That would handle the essentials, at least minimally.

Grey One has the list I would go with.

Roob
08-17-2010, 12:01 AM
I did know some squatter-punk rocker guys around 1998 that rode boxcars from Sarasota Florida to Portland oregon one summer to make it out there for whatever reason. Sarasota is where the ringling brothers circus stages their show and still ship elephants via rail so they said they figured they'd ride with the circus but ended up on a phosphate train as well as others throughout the country

their 'kit' I believe was two spikey leather jackets combat boots and stuff, a jansport backpack of clothes cds, a bottle of misslabeled booze and a credit card in place of rations.

They said it was surprisingly easy to cross the country like this, if you dont mind being FILTHY when you arrive, and the only real danger beyond falling off while jumping on and off trains was the illegals who jump trains, will try to rob you while you sleep.

food for thought. crazy teenagers with nothing to lose, modern day hobo descedents, doing it for cheap thrills instead of out any real necessity.

smokewalker
08-17-2010, 12:53 AM
Wool Blanket, coffee can, some nails,needles, dental floss, hacksaw blade,some type of a metal cup, 2 liter soda bottle, cotton close line, matches, butane lighter, small fish hooks, a spoon, paring knife, boyscout Knife(can opener AWL screwdriver) newspaper and a big trash bag, hat, sweater,two plastic bags(the kind you haul stuff home from the store in). What isn't stuffed in a pocket or being worn would be in a pack made from the cotton line and the wool blanket.or carried in the billy can if the blanket was being worn as a Capote.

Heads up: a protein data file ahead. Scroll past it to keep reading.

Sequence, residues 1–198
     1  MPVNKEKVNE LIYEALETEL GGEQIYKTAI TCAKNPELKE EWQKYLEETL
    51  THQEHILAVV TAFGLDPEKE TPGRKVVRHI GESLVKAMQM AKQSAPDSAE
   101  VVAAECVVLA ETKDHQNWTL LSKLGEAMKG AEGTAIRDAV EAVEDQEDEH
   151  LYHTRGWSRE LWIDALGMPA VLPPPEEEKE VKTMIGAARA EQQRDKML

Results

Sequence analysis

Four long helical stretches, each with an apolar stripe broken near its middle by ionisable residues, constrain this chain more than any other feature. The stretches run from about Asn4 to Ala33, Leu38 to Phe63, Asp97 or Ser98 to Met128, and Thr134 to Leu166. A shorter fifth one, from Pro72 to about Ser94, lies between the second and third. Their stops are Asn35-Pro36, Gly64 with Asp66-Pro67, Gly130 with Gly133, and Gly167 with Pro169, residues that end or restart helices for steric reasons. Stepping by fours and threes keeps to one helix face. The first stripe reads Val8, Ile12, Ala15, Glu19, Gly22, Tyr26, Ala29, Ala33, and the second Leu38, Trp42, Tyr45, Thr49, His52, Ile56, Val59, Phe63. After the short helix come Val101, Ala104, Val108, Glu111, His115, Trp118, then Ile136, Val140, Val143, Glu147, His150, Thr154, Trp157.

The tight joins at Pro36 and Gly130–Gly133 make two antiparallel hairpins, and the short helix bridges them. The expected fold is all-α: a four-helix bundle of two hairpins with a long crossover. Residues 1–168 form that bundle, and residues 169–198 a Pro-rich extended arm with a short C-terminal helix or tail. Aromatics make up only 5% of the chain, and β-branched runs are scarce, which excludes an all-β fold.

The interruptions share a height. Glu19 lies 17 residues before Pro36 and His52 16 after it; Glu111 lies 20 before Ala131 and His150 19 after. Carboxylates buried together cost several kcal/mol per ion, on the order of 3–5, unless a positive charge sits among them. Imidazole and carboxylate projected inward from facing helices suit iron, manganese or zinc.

werewolf won
08-17-2010, 07:04 AM
[QUOTE=Borealbushcrafter;274272 Most people nowadays are way too soft for a life like that. [/QUOTE]

I disagree with that. People are more resilient than they are given credit for.
While the number seems difficult to pin down exactly, a quick web search shows that between 2.3 to 3.5 million Americans are homeless, with another 1.5 million estimated to join that number in the next year. The streets aren’t piled high with dead homeless people, so that’s a lot of people making due with little to nothing. They are not in this condition because they want to be, but they survive because they have to, and they can.
Wolf

madmax
08-17-2010, 07:19 AM
I disagree with that. People are more resilient than they are given credit for.
While the number seems difficult to pin down exactly, a quick web search shows that between 2.3 to 3.5 million Americans are homeless, with another 1.5 million estimated to join that number in the next year. The streets arenít piled high with dead homeless people, so thatís a lot of people making due with little to nothing. They are not in this condition because they want to be, but they survive because they have to, and the can.
Wolf
The human spirit should never be underestimated. And we are all a heartbeat away from life-changing events that we never-in-a-million-years thought would happen to us.

werewolf won
08-17-2010, 08:00 AM
A couple of issues with train travel is that many modern trains are sealed container trains, not box cars; and many trains don’t move cars the distances they used to. Catch a box car today you apt to wake up on the other side of town, not the other side of the State :D
Wolf

rasp181
08-17-2010, 04:33 PM
Actually that lifestyle still exists, only they call themselves "travellers" now. I have met a few and talked with them through my job. Instead of relying on any "foraging" skills they usually go into towns and get what they need from shelters, church pantries, etc. Most of them travel form city to city by bus on tickets bought for them by the same sources as they rely on for food and clothing. It's still the same wonderlust, just a different method.